BRIEF DESCRIPTION OF THE SEVERAL VIEWS OF THE DRAWINGS

FIG. 1 is a view of a golfer using a training wedge in practicing the method of the present invention.

FIG. 2 is a perspective view of a training wedge.

FIG. 3 is a rear view of a training wedge illustrating a rectangular wall, triangular side wall and angled surface of the training wedge.

FIG. 4 is a side perspective view of a training wedge.

DETAILED DESCRIPTION OF THE INVENTION

As shown in the figures, a training wedge 100 is used to improve a golfer's 150 swing.

The wedge 100 preferably has a dimension of 0.125 inch to 3.375 inches in height, a width of 11.375 inches and a length of 12.25 inches. Ranges of greater than or lesser than 20% of these height, width and length dimensions are preferred and ranges of greater than or lesser than 10% of these height, width and length dimensions are most preferred.

The training wedge 100 preferably has a body with an angled surface 102, a rectangular wall 101, a first triangular side wall 103, a second triangular side wall 104 and a flat bottom surface 105, not shown.

The dimensions of the training wedge 100 ensure that the golfer has a steep takeaway which is helpful in returning the golf club head properly.

The wedge 100 is placed under a right-handed golfer's 150 left foot during a swing. The wedge 100 is preferably composed of a rubberized foam material and preferably weighs about 4 to 6 pounds.

The low end of the training wedge 100 is preferably placed behind the golf ball 250, about a grip's length behind the golf ball 250. During a golf swing, the golf club 200 head must clear the high end of the training wedge 100 during a steep angle of attack toward the golf ball 250. If the golf club 200 approaches too shallow during the swing, the golf club head 200 will strike the training wedge 100 and force the golfer 150 to swing more steeply.

The method along with the training wedge 100 allows a golfer 150 to develop swing path consistency through forcing a steeper angle of attack.

The training wedge 100 is alternatively placed in front of a golf ball 250 to be struck by a golfer 150 to improve the golfer's 150 lob shots, or shots that are hit higher in the air. The training wedge 100 helps the golfer 150 sweep the golf ball 250 during a lob shot and miss the training wedge 100 in front of the golf ball 250. The training wedge allows the golfer 150 to perfect a more sweeping golf swing arc for the lob shots.

The training wedge 100 is alternatively used to assist the golfer 150 in proper weight distribution during a golf swing. In this method, the golfer 150 places a back foot on the training wedge 100. Most amateur golfers 150 move their weight to the heel of their right foot during a golf swing and then turn their hips and move their weight to the heel of their left foot on the down swing. This action routes the golf club 200 to the outside resulting in the golf club 200 coming across the golf ball 250. By placing the right foot of a right handed golfer 150 on the training wedge 100, with the low end of the training wedge 100 facing the golfer 150, the golfer 150 is forced to place weight on the right heel resulting in better weight distribution during the back swing. Next, the training wedge 100 is placed under the front left foot with the low end at the toe of the golfer 150 and the high end at the heel of the golfer 150 to improve the weight distribution of the follow-through.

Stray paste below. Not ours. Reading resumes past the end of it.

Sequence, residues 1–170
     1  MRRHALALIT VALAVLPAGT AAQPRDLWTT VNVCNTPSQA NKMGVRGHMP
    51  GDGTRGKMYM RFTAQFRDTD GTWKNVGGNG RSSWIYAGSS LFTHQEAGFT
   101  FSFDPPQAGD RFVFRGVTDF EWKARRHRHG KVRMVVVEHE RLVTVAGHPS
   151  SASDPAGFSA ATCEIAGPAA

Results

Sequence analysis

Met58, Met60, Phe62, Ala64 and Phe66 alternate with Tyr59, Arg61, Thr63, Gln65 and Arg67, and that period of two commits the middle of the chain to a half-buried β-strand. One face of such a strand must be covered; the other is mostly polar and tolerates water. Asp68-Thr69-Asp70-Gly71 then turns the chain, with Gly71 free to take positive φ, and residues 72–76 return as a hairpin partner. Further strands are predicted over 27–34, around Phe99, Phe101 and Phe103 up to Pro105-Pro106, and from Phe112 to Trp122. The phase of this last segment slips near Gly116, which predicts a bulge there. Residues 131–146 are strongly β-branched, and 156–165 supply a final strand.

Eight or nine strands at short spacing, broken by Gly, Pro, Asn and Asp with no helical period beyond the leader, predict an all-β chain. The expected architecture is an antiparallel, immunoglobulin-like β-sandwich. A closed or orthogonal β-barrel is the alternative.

From the foregoing it is believed that those skilled in the pertinent art will recognize the meritorious advancement of this invention and will readily understand that while the present invention has been described in association with a preferred embodiment thereof, and other embodiments illustrated in the accompanying drawings, numerous changes, modifications and substitutions of equivalents may be made therein without departing from the spirit and scope of this invention which is intended to be unlimited by the foregoing except as may appear in the following appended claims. Therefore, the embodiments of the invention in which an exclusive property or privilege is claimed are defined in the following appended claims.

Patent Citations
Cited PatentFiling datePublication dateApplicantTitle
US3195891 *Aug 31, 1962Jul 20, 1965Rogers Richard HWedge means elevating the outside edge of a golfer's shoe
US3915457 *Sep 23, 1974Oct 28, 1975William J CaseyInstruction device
US4322084 *Sep 5, 1980Mar 30, 1982Reece Carl LGolfer's stance training device
US5263863 *Oct 27, 1992Nov 23, 1993Stefani Nicholas JWeight shift trainer for golfers
US7429222Sep 20, 2007Sep 30, 2008Tolson Mark WParallel putting device and method
US7568979Aug 23, 2007Aug 4, 2009Arnold Jr John GGolf swing training apparatus
US7572192Jun 30, 2006Aug 11, 2009Boyd Richard LGolf swing training aid
US7597632Jun 14, 2005Oct 6, 2009Edwards Stephen JGolf putting practice aid
US7722473 *May 18, 2009May 25, 2010Shah Sarmad AGolf training aid
Classifications
U.S. Classification473/409, 473/219, 473/266
International ClassificationA63B69/36
Cooperative ClassificationA63B69/3673, A63B69/3667, A63B69/3623
European ClassificationA63B69/36D
Legal Events
DateCodeEventDescription
May 2, 2014FPAYFee payment
Year of fee payment: 4
Dec 2, 2009ASAssignment
Owner name: CALLAWAY GOLF COMPANY, CALIFORNIA
Free format text: ASSIGNMENT OF ASSIGNORS INTEREST;ASSIGNOR:PETERSON, RANDOLPH J.;REEL/FRAME:023595/0498
Effective date: 20091103